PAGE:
The Wallace Group Case Study
This paper will address the most important problems facing The Wallace Group. Recommendations to Harold Wallace, President and Chairman of the organization will be formulated, in an effort to begin the process of restructuring the company for development and growth. Finally, a description of how to educate a manager to manage an organization as it evolves over time from an entrepreneurial structure to a more complex structure will be discussed.
The Most Important Problem Facing the Wallace Group
The Wallace Group continues to operate as three independent companies
Plastics, Chemicals and Electronics. In addition, Harold Wallace serves as the Chairman and President of the Wallace Group and appears to be controlling all of the three entities. Mr. Wallace thinks the issues within the organization revolve around a personnel problem and how people are managed. While his assumption is partially correct, there are other factors contributing to this problem. First of all, Mr. Wallace is not a well thought of individual. There are employees who want to see him fired. The top managers are not listening to each other in terms of the issues they are facing within their individual departments, and in turn Mr. Wallace has not listened to his managers and does not appear to take any of the employees seriously. The complaints from the Engineers lack validity in Harold Wallace's perception because of the potential contract for $56 million over the next five years with Lombard. Most importantly, the company is not being managed for or open to change and growth. This is reflected in Wallace's dependency on defense-related contracts, in the financial highlights listed in the study for the last two years, and in the focus on cost concerns when ideas are presented for changes to the organization. Additionally, the organization lacks a human resources management structure and suffers from managers who have not been trained, poor recruitment and retention programs, inadequately defined hiring practices, insufficient union negotiating representation, and a number of other issues. There appears to be very little flexibility in the organizational strategy.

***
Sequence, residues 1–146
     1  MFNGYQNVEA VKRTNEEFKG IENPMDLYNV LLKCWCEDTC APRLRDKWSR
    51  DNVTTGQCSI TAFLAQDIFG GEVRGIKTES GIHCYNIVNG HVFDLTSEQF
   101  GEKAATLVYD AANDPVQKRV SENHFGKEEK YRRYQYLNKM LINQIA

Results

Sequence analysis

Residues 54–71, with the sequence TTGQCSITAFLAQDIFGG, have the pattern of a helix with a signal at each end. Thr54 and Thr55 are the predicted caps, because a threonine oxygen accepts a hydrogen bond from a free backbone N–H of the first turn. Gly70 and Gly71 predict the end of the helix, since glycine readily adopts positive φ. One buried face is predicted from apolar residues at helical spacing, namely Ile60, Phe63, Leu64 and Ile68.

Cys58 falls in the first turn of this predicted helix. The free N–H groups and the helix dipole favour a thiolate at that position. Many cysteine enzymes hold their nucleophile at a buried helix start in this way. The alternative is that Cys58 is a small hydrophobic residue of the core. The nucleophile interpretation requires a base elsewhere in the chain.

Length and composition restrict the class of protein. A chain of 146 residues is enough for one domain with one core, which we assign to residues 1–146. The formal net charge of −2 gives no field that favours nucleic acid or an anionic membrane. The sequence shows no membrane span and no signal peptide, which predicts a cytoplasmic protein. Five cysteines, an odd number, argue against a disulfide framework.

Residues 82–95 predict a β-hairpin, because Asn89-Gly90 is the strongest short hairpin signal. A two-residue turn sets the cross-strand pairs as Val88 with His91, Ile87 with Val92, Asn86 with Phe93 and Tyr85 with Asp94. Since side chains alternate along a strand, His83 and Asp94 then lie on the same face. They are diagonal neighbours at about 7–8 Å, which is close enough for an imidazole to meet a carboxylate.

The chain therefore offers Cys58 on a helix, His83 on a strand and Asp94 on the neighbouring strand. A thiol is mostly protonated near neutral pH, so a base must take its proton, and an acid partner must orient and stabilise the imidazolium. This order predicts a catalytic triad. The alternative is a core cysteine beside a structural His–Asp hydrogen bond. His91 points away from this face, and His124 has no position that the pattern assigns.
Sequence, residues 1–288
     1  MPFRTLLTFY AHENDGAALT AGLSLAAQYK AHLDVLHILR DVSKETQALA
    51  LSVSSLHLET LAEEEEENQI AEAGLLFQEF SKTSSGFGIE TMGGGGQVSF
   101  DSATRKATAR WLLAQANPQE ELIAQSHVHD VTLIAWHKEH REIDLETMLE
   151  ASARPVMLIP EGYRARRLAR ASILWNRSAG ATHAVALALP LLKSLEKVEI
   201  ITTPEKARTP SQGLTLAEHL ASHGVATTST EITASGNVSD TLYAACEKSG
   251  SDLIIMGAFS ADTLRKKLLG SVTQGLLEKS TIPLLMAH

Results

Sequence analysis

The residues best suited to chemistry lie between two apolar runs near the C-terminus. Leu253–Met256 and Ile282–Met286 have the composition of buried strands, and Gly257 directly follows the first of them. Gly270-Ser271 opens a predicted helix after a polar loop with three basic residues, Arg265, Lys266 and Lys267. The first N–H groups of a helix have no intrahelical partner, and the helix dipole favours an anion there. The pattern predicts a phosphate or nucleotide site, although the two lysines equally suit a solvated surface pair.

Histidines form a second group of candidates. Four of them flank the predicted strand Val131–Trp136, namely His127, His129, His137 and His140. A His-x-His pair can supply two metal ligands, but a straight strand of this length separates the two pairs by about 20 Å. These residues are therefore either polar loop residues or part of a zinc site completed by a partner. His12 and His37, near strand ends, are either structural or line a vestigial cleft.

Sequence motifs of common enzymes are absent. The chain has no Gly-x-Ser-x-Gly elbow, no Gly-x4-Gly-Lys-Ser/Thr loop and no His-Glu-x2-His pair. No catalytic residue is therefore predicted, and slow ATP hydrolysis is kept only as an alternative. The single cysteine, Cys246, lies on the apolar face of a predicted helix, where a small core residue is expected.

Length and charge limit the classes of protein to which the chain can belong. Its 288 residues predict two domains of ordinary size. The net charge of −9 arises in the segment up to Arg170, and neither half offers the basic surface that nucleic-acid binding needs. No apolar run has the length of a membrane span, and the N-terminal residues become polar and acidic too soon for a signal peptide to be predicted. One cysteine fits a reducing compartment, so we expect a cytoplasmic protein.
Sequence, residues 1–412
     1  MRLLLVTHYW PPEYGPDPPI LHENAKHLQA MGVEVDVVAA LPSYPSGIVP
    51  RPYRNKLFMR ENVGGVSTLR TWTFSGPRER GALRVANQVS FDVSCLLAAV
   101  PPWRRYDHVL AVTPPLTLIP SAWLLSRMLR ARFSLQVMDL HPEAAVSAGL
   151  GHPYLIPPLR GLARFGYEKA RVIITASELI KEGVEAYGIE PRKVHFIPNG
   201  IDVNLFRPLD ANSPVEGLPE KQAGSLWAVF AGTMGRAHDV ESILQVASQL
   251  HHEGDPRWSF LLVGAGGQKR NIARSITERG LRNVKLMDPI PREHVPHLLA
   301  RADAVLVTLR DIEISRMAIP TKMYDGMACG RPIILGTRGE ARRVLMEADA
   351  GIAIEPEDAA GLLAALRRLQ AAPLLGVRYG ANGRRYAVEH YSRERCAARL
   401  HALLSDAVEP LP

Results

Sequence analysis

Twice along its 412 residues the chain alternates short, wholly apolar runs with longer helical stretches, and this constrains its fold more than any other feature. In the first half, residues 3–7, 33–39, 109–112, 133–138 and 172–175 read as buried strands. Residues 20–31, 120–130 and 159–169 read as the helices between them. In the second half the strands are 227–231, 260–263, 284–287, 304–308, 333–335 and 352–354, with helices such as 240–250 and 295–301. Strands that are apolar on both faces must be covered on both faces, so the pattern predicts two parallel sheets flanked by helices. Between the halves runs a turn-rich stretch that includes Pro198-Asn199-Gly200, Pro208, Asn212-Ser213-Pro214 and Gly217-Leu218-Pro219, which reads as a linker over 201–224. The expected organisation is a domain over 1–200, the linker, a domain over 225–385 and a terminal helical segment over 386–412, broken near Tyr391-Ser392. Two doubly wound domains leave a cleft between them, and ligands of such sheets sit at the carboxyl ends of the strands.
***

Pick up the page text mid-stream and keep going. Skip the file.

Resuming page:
Recommendations to Mr. Wallace
The Wallace Group needs to have its organizational structure that is changed inside out to create an environment that will attract, motivate and retain top-quality employees. The plan for change should provide strong evidence that the change will make a very significant improvement in the company's competitive position. The recommended strategy for Mr. Wallace to achieve this goal is listed below in order of priority: ·
Examine his personal management style, priorities, direction for the company, and future goals for growth and development. ·
Conduct meetings at each level to get feedback regarding the concerns of the employees, their ideas, strengths and weaknesses and any other issues. This should begin with the VPs, then the Directors, and so forth for each department. ·
Encourage a continuous flow for the exchange of information. ·
Establish a mission statement, goals and objectives with input put from the VPs and Directors. ·
Complete a strategic analysis and develop a strategic plan, to include everything from each area within the organization and any other external and internal issues. ·
Define the company's existing structure. Is it functional, departmental or matrix? ·
Does that structure work well, or does it need to be changed? Examine market reports and competitors' 10-k reports to determine: 1.
Is the company's product and its marketing superior or inferior to that of competitors? 2.
Is the production of the organization more or less cost-effective? 3.
What competitive strengths and weaknesses can be identified in the existing system? How much of each is dependent on structure, and how much is dependent on procedures and policies, not structure? ·
Involve the entire...
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Wheelen, T., Hunger, D. (2004). Strategic Management and Business Policy [Ninth Edition],
Upper Saddle River, New Jersey: Prentice Hall/Pearson.
Whitley, R., Casper, S. (2003). Managing Competencies in Entrepreneurial Technology Firms.
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